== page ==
Chemical speciation of iron with humic ligands in estuarine and coastal waters

Abu Alhaija, Mahmoud
Chemical speciation of iron with humic ligands in estuarine and coastal waters. PhD thesis, University of Liverpool.

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Iron in coastal and sea water is readily complexed with organic matter (ligands) causing the formation of different species of iron, which affects its biogeochemistry. For this reason it is of interest to determine iron speciation in addition to its concentration. The chemical speciation of iron in coastal and sea water is typically determined by cathodic stripping voltammetry (CSV), making use of ligand competition between an electroactive ligand added to obtain the CSV signal and the natural ligand to determine the complex stability of the natural species. This thesis aims to identify the main ligand responsible for binding iron. Thereto, I first set out to improve the existing method of iron speciation in seawater using salicylaldoxime (SA) (as an added competing ligand) and subsequently used this method to determine the complex stability and concentration of the unknown Fe-binding ligands. Using another CSV method the concentration of humic substances (HS) was determined in samples from estuarine, coastal, shelf and ocean origin. Particular attention was given in this dissertation to the comparison between humic substances and natural Fe-binding ligands in all samples. The improved SA method has a much better sensitivity due to two effects: 1) the use of dissolved oxygen (DO) as an oxidant was found to give a catalytic effect; this improved the sensitivity greatly, and also stabilized the pH. 2) the analytical conditions of using SA were re-optimised and best sensitivity is now obtained at 5 µM SA (~5 x less than the pre-existing method). Interpretation of the experiments showed that the complex responsible for adsorption on the mercury drop electrode is FeSA, whereas the FeSA2 species does not adsorb. The complex stability for complexes of Fe with SA (FeSA and FeSA2), in pH 8 seawater, were calibrated over a range of SA concentrations and salinities. The similarity of the stability constants (log K’Fe’SA and log B’Fe’SA2) determined via calibration against EDTA to those calibrated without EDTA shows that the speciation of Fe with SA and EDTA is well understood. The improved method is applied to a mixed depth Celtic Sea sample, and two GEOTRACES samples from the Atlantic, at a SA concentration of 5 µM. Ligand concentrations were 1.47 and 1.49 nM in the GEOTRACES water (log K’Fe’L values of 11.1 and 11.9) and 2.53 nM in the Celtic Sea water (log K’Fe’L =11.5). Application of the method to ligands added to seawater gave log K’Fe’L values of 11.6  0.1 for humic acid (Suwannee River) and 12.2 0.3 for a siderophore (desferrioxamine B). The improved SA method was also applied to samples from the Mersey estuary and Liverpool Bay (salinity between 19 and 32). The concentration of unknown Fe-binding ligands was virtually the same as that of Fe-binding humics and both are greater than [Fe] in all samples, indicating that there was an excess of the ligand concentration and that almost the entire ligand concentration (95%) could be ascribed to humic substances. The average complex stability (log K’Fe’L) was 11.2  0.1, the same as for the iron-humic species (log K’Fe’-SRHA). Copper additions demonstrated competition between Cu and Fe for the natural ligands. Multiple analytical windows (MAWs) were used to determine the iron speciation in the Mersey estuary by varying the concentration of salicylaldoxime (SA). Data fitting of the individual titrations was compared to fitting of all data simultaneously (MAW fitting) giving good agreement. Individual titration fitting as well as the MAW fitting demonstrated the presence of only one ligand class in all samples (which was identified as humic substance in the previous work). Measurement of the composition of dissolved organic carbon (DOC) indicates the presence of terrestrial as well as microbial sources of organic matter in the estuary. The fraction of HS in the DOC amounted to between 47 and 25 % between salinities of 19 and 31. Application of the improved method to samples from the shelf and the Atlantic ocean (vertical profile) shows that the Fe-binding ligands concentration is greater than Fe concentration in all shelf and ocean samples. The complex stability of the Fe species in the Atlantic and over the shelf is identical within a narrow range of log K’Fe’L values of 11.2  0.1 (Atlantic profile) and 11.2  0.2 for the shelf samples. Comparison of the iron-binding humics and complexing ligands shows that the humic substances account for 95 to 98 % of the total ligand for iron in the shelf and ocean waters. This revolutionary finding challenges the paradigm that iron-binding ligands largely originate from in-situ production by microorganisms and much facilitates the modeling of the background ligand concentration that controls the global oceanic distribution of Fe. Data fitting of the complexometric titrations in all samples from the estuarine, coastal, shelf and ocean origin demonstrated the presence of only one ligand class.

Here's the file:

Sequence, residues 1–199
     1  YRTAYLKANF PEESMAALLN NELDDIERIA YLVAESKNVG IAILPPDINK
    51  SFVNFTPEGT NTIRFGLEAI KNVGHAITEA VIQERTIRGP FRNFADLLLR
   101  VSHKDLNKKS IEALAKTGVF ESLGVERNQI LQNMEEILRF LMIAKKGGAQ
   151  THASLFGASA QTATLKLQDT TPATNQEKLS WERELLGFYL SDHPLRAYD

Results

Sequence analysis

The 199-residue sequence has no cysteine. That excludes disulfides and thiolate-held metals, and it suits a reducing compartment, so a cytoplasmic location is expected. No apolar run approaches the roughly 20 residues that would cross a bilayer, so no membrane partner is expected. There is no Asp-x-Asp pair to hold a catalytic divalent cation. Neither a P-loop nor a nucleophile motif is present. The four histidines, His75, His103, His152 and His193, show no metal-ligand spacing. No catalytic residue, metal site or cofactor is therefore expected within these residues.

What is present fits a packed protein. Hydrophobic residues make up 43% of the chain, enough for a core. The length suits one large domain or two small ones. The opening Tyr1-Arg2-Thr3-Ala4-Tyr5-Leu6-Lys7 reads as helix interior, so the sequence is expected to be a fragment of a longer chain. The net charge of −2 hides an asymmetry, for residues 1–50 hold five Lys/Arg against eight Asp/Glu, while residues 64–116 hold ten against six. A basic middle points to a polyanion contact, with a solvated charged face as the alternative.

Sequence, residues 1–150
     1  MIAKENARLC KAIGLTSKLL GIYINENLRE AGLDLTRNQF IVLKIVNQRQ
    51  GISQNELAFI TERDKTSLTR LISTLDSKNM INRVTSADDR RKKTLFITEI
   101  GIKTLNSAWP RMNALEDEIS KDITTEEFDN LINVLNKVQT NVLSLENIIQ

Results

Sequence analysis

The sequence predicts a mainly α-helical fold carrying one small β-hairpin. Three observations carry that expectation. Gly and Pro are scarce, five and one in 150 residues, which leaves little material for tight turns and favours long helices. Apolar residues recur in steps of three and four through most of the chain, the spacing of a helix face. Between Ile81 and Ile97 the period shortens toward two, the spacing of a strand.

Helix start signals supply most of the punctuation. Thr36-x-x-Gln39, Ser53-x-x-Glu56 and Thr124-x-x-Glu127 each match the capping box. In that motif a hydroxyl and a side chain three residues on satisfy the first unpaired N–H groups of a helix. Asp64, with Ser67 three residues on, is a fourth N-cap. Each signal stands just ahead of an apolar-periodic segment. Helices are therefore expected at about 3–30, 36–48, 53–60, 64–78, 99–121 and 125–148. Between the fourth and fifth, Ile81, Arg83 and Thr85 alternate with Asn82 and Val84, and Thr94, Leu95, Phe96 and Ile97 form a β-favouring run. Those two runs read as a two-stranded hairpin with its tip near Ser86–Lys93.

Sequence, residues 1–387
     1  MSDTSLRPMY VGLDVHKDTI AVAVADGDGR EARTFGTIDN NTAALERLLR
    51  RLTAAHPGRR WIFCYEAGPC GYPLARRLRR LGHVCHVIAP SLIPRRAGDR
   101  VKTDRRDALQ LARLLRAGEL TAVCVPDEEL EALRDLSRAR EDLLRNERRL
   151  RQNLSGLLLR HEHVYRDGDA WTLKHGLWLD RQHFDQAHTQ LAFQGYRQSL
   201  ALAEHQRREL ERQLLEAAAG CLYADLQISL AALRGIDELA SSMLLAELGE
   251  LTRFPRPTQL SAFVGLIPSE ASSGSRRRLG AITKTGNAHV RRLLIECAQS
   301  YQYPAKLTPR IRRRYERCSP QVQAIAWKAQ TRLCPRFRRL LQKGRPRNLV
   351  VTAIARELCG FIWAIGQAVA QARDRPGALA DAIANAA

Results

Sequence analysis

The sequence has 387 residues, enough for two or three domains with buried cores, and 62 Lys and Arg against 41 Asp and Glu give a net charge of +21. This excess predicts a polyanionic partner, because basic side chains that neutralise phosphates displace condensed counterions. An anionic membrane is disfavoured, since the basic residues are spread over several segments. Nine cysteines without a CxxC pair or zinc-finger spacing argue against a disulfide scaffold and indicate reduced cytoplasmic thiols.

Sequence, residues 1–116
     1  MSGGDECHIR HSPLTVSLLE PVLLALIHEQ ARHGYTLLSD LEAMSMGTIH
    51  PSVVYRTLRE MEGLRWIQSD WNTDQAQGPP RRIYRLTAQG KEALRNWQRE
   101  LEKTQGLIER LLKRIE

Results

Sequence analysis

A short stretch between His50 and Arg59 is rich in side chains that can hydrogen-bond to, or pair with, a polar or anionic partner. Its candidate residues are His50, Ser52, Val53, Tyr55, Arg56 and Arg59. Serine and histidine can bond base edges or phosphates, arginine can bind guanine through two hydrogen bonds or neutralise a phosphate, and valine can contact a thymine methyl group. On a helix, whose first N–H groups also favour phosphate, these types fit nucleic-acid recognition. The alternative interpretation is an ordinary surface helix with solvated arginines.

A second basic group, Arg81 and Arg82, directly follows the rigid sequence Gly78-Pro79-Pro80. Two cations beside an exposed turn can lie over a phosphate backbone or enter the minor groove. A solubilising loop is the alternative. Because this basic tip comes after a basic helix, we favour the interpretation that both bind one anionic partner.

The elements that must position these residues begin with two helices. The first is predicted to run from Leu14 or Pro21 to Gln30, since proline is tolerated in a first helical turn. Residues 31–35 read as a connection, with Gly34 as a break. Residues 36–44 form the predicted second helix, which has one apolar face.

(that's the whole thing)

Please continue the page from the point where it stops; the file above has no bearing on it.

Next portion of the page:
Item Type: Thesis (PhD)
Additional Information: Date: 2015-09 (completed)
Subjects: ?? Q1 ??
Depositing User: Symplectic Admin
Date Deposited: 28 Jan 2016 13:58
Last Modified: 17 Dec 2022 01:16
DOI: 10.17638/02031221